Course 5b: Michael Smull's
Essential Lifestyle Planning
An Overview of Essential Lifestyle Planning (ELP)
Essential Lifestyle Planning holds the basic belief that there are core elements in day to day living that reflect essential basic quality of life components that matter deeply to any one of us. ELP is a process through which these essential elements can be explored, understood and integrated into the work that is conducted with and on behalf of people with disabilities.
ELP is a guided process for learning how someone wants to live and for developing a plan to help make it happen. It’s also:
- A snapshot of how someone wants to live today, serving as a blueprint for how to support someone tomorrow;
- A way of organizing and communicating what is important to an individual;
- A flexible process that can be used in combination with other person centered techniques;
- A way of making sure that the person is heard, regardless of the severity of disability.
Essential Lifestyles Plans are developed through a process of asking and listening. The best essential lifestyle plans reflect the balance between competing desires, needs, choice and safety.
The "Learning Wheel" was developed to graphically reflect an on-going commitment on behalf of the planners to seek to understand what is very important and meaningful in matters pertaining to everyday life for the person who is the focus of the planning effort. It requires that careful attention be given to the stories and the reflections of the person and of the people who know and care about the individual. The Learning Wheel is represented through a series of interconnected arrows beginning at the top of the "wheel" with arrows connecting listening and understanding in a circular fashion. This listening continues until the listener(s) have a clear sense of direction as provided by the person who is the focus of the planning effort. When the understanding becomes clear enough for taking action an offshoot arrow connects what has been heard and understood to the development of a plan. The plan is simply the synthesis or organization of the information that has been heard and understood. When the plan has been drafted and approved by the focus person an offshoot arrow connects the planning to the doing or implementation of the plan. This is the "try it" stage of the plan. During the implementation phase another arrow connects this stage to the "assessment" stage of the planning process. This stage looks at how the plan is working in the context of what the focus person identified and continues to identify within the ongoing process of listening and understanding. Thus, the final arrow, completing the "wheel" connects the assessment stage back to the inner exploratory loop of listening and understanding.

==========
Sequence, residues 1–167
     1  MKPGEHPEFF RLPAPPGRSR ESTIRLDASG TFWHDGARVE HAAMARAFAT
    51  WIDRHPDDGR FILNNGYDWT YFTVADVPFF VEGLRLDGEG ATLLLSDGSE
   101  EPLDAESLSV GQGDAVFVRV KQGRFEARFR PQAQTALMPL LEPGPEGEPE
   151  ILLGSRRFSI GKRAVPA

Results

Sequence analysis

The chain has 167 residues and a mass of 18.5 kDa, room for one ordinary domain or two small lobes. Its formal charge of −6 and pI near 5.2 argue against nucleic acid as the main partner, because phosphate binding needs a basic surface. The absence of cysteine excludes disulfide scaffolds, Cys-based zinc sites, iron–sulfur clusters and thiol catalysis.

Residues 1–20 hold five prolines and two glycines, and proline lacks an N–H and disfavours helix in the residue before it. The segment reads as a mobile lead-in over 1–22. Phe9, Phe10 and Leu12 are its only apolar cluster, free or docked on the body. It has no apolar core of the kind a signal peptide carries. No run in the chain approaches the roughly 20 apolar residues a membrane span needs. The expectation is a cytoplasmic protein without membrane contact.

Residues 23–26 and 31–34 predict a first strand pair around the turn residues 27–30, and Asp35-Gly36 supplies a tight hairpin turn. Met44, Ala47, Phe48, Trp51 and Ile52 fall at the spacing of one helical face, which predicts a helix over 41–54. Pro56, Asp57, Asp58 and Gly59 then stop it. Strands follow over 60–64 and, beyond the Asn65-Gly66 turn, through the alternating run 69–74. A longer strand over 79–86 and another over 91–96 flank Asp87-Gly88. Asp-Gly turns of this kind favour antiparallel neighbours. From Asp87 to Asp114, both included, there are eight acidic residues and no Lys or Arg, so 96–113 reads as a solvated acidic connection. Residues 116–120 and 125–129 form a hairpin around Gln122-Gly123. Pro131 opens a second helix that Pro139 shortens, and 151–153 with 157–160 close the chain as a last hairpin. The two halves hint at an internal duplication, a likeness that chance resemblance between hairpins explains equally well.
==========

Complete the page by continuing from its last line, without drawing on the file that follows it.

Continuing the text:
Michael Smull's Learning Wheel
From listening and understanding you can:
- Plan (organize/synthesize) using the information that the planner has gathered from the stories that have been told, from the identification of critical themes woven throughout the dialogues, and from the surfacing of what is most important in quality of life issues as understood from the perspective of the individual and from their family members and friends.
- Implement (try it) the plan by mobilizing resources and creating the structures and opportunities that honor what have been heard.
- Assess (see how it's working) the plan against the interests and preferences of the person with whom the planning is being done. Look for ways to use what is being learned to keep the momentum of the plan moving forward. Questions that are helpful guides in this process are "What have we tried? What have we learned?" "Given what we have learned, what do we need to try next?"
Developing Essential Lifestyle Plans require:
- The perspectives of those who know and care about the person;
- Their stories about good days and bad; and
- What they like and admire about the person
Each of us want lives where we are
supported by & contriubute to our communities
- At the base of our wants is the desire to stay healthy and safe (our own terms)
- Then we need to have what/who is important to us in everyday
life; people to be with; things to do, places to be
- Have opportunities to meet new people; try new things; change jobs; change who we live with & where we live
- Finally at the top is have our own dreams & our own journeys
Most of all, it is critically important to remember that a plan is not an outcome. Plans need to be written in draft form and used as a tool for exploration and recording what is being learned. Plans should not exist as an end product but serve as a means to an end. It bears repeating: A plan is not an outcome.
For more information, contact:
Support Development Associates
3245 Harness Creek Road
Annapolis, Maryland 21403
(410)626-2707 * FAX 626-2708
Or check out the M.Smull and Friends website